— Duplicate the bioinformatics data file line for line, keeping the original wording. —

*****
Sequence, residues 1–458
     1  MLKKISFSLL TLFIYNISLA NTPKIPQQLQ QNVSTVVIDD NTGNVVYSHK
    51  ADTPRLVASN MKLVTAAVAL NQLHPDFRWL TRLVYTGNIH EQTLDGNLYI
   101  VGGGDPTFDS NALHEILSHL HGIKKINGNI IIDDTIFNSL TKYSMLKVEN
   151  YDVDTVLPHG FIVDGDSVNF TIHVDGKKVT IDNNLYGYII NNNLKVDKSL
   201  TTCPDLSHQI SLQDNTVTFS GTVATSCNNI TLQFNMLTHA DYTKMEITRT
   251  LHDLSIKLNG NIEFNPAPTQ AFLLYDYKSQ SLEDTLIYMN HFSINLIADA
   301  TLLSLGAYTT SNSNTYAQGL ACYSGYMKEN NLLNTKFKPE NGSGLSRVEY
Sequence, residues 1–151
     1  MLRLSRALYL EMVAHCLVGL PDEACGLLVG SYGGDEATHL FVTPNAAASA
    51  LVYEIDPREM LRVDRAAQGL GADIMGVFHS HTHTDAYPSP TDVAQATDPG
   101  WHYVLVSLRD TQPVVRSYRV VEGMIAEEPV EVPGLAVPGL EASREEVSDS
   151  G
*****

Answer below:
Sequence, residues 1–458
     1  MLKKISFSLL TLFIYNISLA NTPKIPQQLQ QNVSTVVIDD NTGNVVYSHK
    51  ADTPRLVASN MKLVTAAVAL NQLHPDFRWL TRLVYTGNIH EQTLDGNLYI
   101  VGGGDPTFDS NALHEILSHL HGIKKINGNI IIDDTIFNSL TKYSMLKVEN
   151  YDVDTVLPHG FIVDGDSVNF TIHVDGKKVT IDNNLYGYII NNNLKVDKSL
   201  TTCPDLSHQI SLQDNTVTFS GTVATSCNNI TLQFNMLTHA DYTKMEITRT
   251  LHDLSIKLNG NIEFNPAPTQ AFLLYDYKSQ SLEDTLIYMN HFSINLIADA
   301  TLLSLGAYTT SNSNTYAQGL ACYSGYMKEN NLLNTKFKPE NGSGLSRVEY
Sequence, residues 1–151
     1  MLRLSRALYL EMVAHCLVGL PDEACGLLVG SYGGDEATHL FVTPNAAASA
    51  LVYEIDPREM LRVDRAAQGL GADIMGVFHS HTHTDAYPSP TDVAQATDPG
   101  WHYVLVSLRD TQPVVRSYRV VEGMIAEEPV EVPGLAVPGL EASREEVSDS
   151  G